In the course of human events, we seem to have forgotten that old saw. It is both a warning and a commentary on human nature.   Advocates of full inclusion tell us that when children with disabilities are in the same classrooms as plain kids, the plain kids will embrace the children with disabilities and invite them to parties and to hang at the mall with them.  Somehow, these folks have neglected to look at their own feathered friends.   In doing so they will find that their friends are all “of the same feather”.  So it is not at all unusual for people of deep faith to socialize with others of deep faith.   Ditto political progressives, sports fans, and a multitude of other areas around which people affiliate.   It has also been noted by the recently divorced or widowed, that they are frequently now left out of their previous social set. 
So it is with adults with disabilities.  Cast out into the world, often lacking places of employment where they can make new friends, people with disabilities are deeply missing a social component in their lives.   It is not surprising that when an organization is willing to leap into the breach, many are clamoring to come.  Once a month, an organization in Baltimore transforms its setting into a night club event for adults with disabilities.   Folks come with walkers, support aides and parents.   They also come with enthusiasm, excitement, and an eagerness to make new friends.   They are even looking for love in all the right places.  Refreshments are served (no alcohol), music is played, people are dancing, chatting and just having fun.  Attendance continues to grow every month. Attendees pay a fee, support people for the attendee do not.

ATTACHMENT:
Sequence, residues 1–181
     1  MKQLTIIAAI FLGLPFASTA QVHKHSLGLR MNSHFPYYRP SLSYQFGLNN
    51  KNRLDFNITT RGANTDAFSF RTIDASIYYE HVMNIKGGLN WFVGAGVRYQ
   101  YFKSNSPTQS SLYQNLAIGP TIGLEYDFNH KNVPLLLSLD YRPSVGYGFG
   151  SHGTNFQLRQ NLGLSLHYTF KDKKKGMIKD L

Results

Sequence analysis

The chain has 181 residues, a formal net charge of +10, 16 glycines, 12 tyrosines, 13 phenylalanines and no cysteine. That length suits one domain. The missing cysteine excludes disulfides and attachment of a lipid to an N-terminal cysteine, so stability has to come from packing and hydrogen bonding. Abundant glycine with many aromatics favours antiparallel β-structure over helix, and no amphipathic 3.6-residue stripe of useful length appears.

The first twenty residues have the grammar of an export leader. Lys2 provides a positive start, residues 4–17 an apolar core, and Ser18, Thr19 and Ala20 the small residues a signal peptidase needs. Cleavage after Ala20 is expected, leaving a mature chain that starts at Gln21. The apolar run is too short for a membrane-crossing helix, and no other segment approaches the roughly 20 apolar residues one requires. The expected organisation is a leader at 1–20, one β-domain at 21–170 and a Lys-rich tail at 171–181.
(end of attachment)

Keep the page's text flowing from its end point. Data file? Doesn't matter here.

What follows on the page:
Everyone wants to be some place where they are typical.   As humans we want to be like the other folks in our pack.  That is why there are restaurants and clubs frequented by people of similar ethnic backgrounds, socio economic status, or religious beliefs.   Now we have a once-a-month club for people with disabilities. It is the only one regularly operating in spite of the huge need.   Hopefully there will soon be more.  After all birds of a feather do flock together including those birds who are not your typical flock.

Tuesday, May 28, 2019

Is it really necessary to attend school

Is it really necessary to attend school?

How often does a student need to attend class to receive credit for that course?   That is not a rhetorical question.   Recent reports show that some students in Montgomery County Maryland high schools have attended class only 60% of the time and yet have earned credit for that course.  How can that be?   Isn’t it necessary to be in class in order for the student to learn the course content?
I think the answer is yes and no.
First of all many high school students miss school because of family responsibilities.  Some kids have jobs to help their families survive day-to-day.   Some kids take care of younger siblings so that both parents can work.  Are these good reasons to miss school?  Well it depends on just how critical that student’s contribution to the family's economy is.
Some kids miss school because they are bored to death.   The required pacing guides mean that teachers can’t stay on a topic longer than needed because they have another topic to do on another day.   That also means, teachers can’t dig deeper into a topic if students are really interested or curious.   Tomorrow is another day in the pacing guide.   Each day’s curriculum is carefully laid out.  Like Goldilocks, teachers can’t go too fast or too slow; they need to get it just right.  Smart kids can miss school, come back later, and as with a soap opera, know just where the story is going.
The issue is not whether it is terrible that some kids are graduating this June after having missed 40% of their classes, the issue is why are these kids missing so much school and why don’t we look to see if there are things we can do about that.